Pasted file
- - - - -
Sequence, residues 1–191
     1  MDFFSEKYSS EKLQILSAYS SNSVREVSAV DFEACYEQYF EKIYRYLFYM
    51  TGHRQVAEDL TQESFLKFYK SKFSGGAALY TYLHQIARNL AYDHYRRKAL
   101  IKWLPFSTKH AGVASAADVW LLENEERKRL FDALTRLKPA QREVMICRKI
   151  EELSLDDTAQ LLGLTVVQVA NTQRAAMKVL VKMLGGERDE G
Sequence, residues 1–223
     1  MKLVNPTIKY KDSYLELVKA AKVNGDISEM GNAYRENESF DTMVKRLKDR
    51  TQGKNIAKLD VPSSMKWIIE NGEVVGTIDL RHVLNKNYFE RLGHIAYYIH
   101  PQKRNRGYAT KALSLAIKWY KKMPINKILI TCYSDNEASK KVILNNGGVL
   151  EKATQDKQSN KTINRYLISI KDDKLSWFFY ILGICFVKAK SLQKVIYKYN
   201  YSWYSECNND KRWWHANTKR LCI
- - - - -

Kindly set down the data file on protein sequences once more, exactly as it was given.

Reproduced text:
Sequence, residues 1–191
     1  MDFFSEKYSS EKLQILSAYS SNSVREVSAV DFEACYEQYF EKIYRYLFYM
    51  TGHRQVAEDL TQESFLKFYK SKFSGGAALY TYLHQIARNL AYDHYRRKAL
   101  IKWLPFSTKH AGVASAADVW LLENEERKRL FDALTRLKPA QREVMICRKI
   151  EELSLDDTAQ LLGLTVVQVA NTQRAAMKVL VKMLGGERDE G
Sequence, residues 1–223
     1  MKLVNPTIKY KDSYLELVKA AKVNGDISEM GNAYRENESF DTMVKRLKDR
    51  TQGKNIAKLD VPSSMKWIIE NGEVVGTIDL RHVLNKNYFE RLGHIAYYIH
   101  PQKRNRGYAT KALSLAIKWY KKMPINKILI TCYSDNEASK KVILNNGGVL
   151  EKATQDKQSN KTINRYLISI KDDKLSWFFY ILGICFVKAK SLQKVIYKYN
   201  YSWYSECNND KRWWHANTKR LCI